Over the centuries, that briefly-mentioned feast week has taken on a life of its own, with each generation adding its own take on the fall tradition. We’ve pulled together some little-known trivia so you have something to talk about (other than politics) around the Thanksgiving dinner table this November.
Where was the first Thanksgiving?
In Plymouth, Massachusetts, colonists and Wampanoag Indians shared an autumn harvest feast in 1621 that is widely acknowledged as one of the first Thanksgiving celebrations. But some historians argue that Florida, not Massachusetts, may have been the true site of the first Thanksgiving in North America. In 1565, nearly 60 years before Plymouth, a Spanish fleet came ashore and planted a cross in the sandy beach to christen the new settlement of St. Augustine. To celebrate the arrival and give thanks for God’s providence, the 800 Spanish settlers shared a festive meal with the native Timucuan people. Read more.
What did they eat at the first Thanksgiving?
The Thanksgiving meal in Plymouth probably had little in common with today’s traditional holiday spread. Although turkeys were indigenous, there’s no record of a big, roasted bird at the feast. The Wampanoag brought deer and there would have been lots of local seafood (mussels, lobster, bass) plus the fruits of the first pilgrim harvest, including pumpkin. No mashed potatoes, though. Potatoes had only been recently shipped back to Europe from South America. Read more.
When did America first call for a national Thanksgiving?
America first called for a national day of thanksgiving to celebrate victory over the British in the Battle of Saratoga. In 1789, George Washington again called for national day of thanks on the last Thursday of November in 1777 to commemorate the end of the Revolutionary War and the ratification of the Constitution. And during the Civil War, both the Confederacy and the Union issued Thanksgiving Day proclamations following major victories.
Which president refused to recognize Thanksgiving?
Thomas Jefferson was famously the only Founding Father and early president who refused to declare days of thanksgiving and fasting in the United States. Unlike his political rivals, the Federalists, Jefferson believed in “a wall of separation between Church and State” and believed that endorsing such celebrations as president would amount to a state-sponsored religious worship. Read more.
What does the poem, 'Mary had a little lamb,' have to do with Thanksgiving?
The first official proclamation of a national Thanksgiving holiday didn’t come until 1863, when President Abraham Lincoln called for an annual Thanksgiving celebration on the final Thursday in November. The proclamation was the result of years of impassioned lobbying by "Mary Had a Little Lamb" author and abolitionist Sarah Josepha Hale. Read more.
"This is the story of my life. It's about me as a Muslim Brit embracing dual identities, surviving the turbulent teens and transitioning from self-doubt to self-belief... You can't get a Muslim woman in a hijab with no opinion, am I right?!" The synopsis to influencer Dina Torkia's debut book sets the tone for her journey into inspiring the world of modest fashion.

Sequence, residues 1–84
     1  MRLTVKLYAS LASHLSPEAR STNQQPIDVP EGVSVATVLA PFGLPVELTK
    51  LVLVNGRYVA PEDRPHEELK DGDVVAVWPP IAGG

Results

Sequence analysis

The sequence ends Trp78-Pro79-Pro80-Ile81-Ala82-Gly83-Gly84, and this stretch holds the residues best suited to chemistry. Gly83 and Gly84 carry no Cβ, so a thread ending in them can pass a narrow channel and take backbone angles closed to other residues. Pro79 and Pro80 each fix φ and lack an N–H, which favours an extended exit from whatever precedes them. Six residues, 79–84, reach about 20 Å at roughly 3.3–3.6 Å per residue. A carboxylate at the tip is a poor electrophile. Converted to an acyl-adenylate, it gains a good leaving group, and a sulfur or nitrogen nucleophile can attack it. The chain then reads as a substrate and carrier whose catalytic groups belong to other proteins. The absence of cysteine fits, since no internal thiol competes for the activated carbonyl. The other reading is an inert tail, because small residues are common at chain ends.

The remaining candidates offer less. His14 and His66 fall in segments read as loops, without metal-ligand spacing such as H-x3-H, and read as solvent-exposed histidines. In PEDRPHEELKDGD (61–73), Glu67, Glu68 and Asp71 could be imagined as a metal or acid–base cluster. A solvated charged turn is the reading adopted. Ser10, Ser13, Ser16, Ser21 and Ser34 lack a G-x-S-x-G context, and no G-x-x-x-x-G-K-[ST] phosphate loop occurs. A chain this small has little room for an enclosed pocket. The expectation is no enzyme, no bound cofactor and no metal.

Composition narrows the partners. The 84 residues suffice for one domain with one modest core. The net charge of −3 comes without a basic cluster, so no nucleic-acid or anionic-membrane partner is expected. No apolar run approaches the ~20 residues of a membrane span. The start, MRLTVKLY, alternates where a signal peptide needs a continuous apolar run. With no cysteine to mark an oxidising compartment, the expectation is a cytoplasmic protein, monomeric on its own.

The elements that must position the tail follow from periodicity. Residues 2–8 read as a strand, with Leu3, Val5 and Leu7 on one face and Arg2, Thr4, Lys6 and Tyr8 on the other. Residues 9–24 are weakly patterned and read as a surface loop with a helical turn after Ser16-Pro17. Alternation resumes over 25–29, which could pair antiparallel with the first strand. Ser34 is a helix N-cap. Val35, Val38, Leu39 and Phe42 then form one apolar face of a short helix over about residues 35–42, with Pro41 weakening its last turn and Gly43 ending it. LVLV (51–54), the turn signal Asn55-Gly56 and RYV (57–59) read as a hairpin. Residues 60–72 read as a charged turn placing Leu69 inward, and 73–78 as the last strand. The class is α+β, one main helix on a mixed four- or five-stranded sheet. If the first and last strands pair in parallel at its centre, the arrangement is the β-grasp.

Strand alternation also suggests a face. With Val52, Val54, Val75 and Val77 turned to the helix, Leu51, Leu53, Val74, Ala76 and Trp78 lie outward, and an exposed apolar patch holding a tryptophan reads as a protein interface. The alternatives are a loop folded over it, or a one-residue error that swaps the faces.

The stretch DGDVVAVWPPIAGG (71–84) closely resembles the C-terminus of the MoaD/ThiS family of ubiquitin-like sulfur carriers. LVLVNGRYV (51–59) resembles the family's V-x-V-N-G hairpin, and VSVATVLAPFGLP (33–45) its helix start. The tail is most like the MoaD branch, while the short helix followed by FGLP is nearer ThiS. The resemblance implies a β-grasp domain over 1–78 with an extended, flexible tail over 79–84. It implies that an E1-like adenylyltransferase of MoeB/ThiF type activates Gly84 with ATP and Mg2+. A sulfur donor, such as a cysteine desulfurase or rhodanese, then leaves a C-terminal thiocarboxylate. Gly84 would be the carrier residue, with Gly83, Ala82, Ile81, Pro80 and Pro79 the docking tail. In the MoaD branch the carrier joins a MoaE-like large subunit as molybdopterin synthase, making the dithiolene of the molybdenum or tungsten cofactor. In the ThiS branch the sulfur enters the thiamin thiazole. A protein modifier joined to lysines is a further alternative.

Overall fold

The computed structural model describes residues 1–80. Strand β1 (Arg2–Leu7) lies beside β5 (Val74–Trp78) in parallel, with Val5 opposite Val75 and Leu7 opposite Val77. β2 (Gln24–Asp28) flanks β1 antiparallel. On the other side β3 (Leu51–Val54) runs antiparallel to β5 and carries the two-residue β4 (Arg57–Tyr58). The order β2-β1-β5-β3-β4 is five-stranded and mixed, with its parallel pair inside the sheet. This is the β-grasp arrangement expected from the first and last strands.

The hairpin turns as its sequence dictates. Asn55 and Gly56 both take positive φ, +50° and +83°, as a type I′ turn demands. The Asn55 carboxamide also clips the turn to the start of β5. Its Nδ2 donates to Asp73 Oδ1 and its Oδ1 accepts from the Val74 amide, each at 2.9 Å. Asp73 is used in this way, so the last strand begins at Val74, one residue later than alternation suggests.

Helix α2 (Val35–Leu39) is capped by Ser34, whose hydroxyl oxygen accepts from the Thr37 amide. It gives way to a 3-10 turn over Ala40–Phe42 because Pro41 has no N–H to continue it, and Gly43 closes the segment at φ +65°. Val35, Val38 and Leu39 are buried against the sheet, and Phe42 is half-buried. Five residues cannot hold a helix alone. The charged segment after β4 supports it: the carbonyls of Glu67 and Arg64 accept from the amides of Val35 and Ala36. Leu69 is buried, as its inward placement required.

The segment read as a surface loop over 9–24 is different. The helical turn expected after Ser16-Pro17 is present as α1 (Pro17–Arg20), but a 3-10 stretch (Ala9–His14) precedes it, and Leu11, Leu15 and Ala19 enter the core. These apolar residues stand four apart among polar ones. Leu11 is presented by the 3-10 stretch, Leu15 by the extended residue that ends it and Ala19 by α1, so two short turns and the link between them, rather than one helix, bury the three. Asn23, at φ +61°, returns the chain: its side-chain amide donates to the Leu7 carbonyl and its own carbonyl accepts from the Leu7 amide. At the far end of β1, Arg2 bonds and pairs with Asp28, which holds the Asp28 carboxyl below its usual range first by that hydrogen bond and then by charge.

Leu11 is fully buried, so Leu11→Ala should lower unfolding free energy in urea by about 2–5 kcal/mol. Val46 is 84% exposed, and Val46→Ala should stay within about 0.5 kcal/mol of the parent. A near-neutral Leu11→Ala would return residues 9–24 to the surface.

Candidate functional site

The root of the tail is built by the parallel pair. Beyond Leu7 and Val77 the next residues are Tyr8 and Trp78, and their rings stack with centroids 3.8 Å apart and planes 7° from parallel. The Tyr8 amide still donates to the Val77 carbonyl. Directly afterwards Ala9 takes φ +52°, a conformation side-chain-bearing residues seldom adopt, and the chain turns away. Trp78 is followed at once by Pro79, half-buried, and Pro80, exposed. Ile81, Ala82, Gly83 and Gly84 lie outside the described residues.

Over the last few years, the British Muslim fashion blogger has gone from strength to strength. Today you will see Dina's face plastered for many fashion brands while talking about being a social media sensation to the likes of Vogue. But her journey began in early 2010, where many hijabis will remember her sharing trendsetting hijab tutorials on a mannequin's head on Facebook. The quality of the video was terrible, she was rather awkward in front of the camera, but none of that mattered: the concept was new, it was unheard of and the hijabi community was taken over with excitement.
She then moved her videos to YouTube and was one of the first headscarf wearing Muslim vloggers sharing her modest fashion creativity online. It was something we had not seen before, and it was refreshing to see awareness being raised about the huge lack of fashion possibilities for women who choose to cover.
Dina has definitely paved the way for a hijabi presence online, and now boasts more than 800,000 subscribers on YouTube and over a million followers on Instagram. Of course, with such heightened success, one is prone to criticism, as the blogger can recently relate to after being bombarded with negativity over her choice to not wear her headscarf full time. But despite all that, the blogger stands firm on who she is as a person and her first book Modestly gives a great insight to the journey that has brought her here today.
In the book, which was published by Penguin Random House in September, Dina talks about her childhood growing up half English and half Egyptian, how she met her husband, the struggles of getting married and becoming a mother, how she came to be one of the first Muslim modest fashion bloggers, and everything else in between - sprinkled with headscarf and makeup tutorials and a plethora of modest style advice. Mostly, she writes about the struggles of being a hijabi and about what modesty means to her.
In the book she mentions "the inescapable shedload of bold statements." However, I felt they were more 'statements' without the bold. Some interesting topics aretouched upon but only superficially. They are not really developed into elaborate arguments and the depth I expected them to be in. These 'bold statements' are also never backed with numbers or evidence, and are suggested to be things the reader should know and acknowledge, when in fact they are quite challenging of the common narrative.
However, some interesting topics covered in the book include her relationship with prayer, her views on racism within Muslim communities and her own white privilege, gender stereotyping and double standards when it comes to raising children. She also touches on the taboo of relationships for people of colour as well as talking about sex and marriage.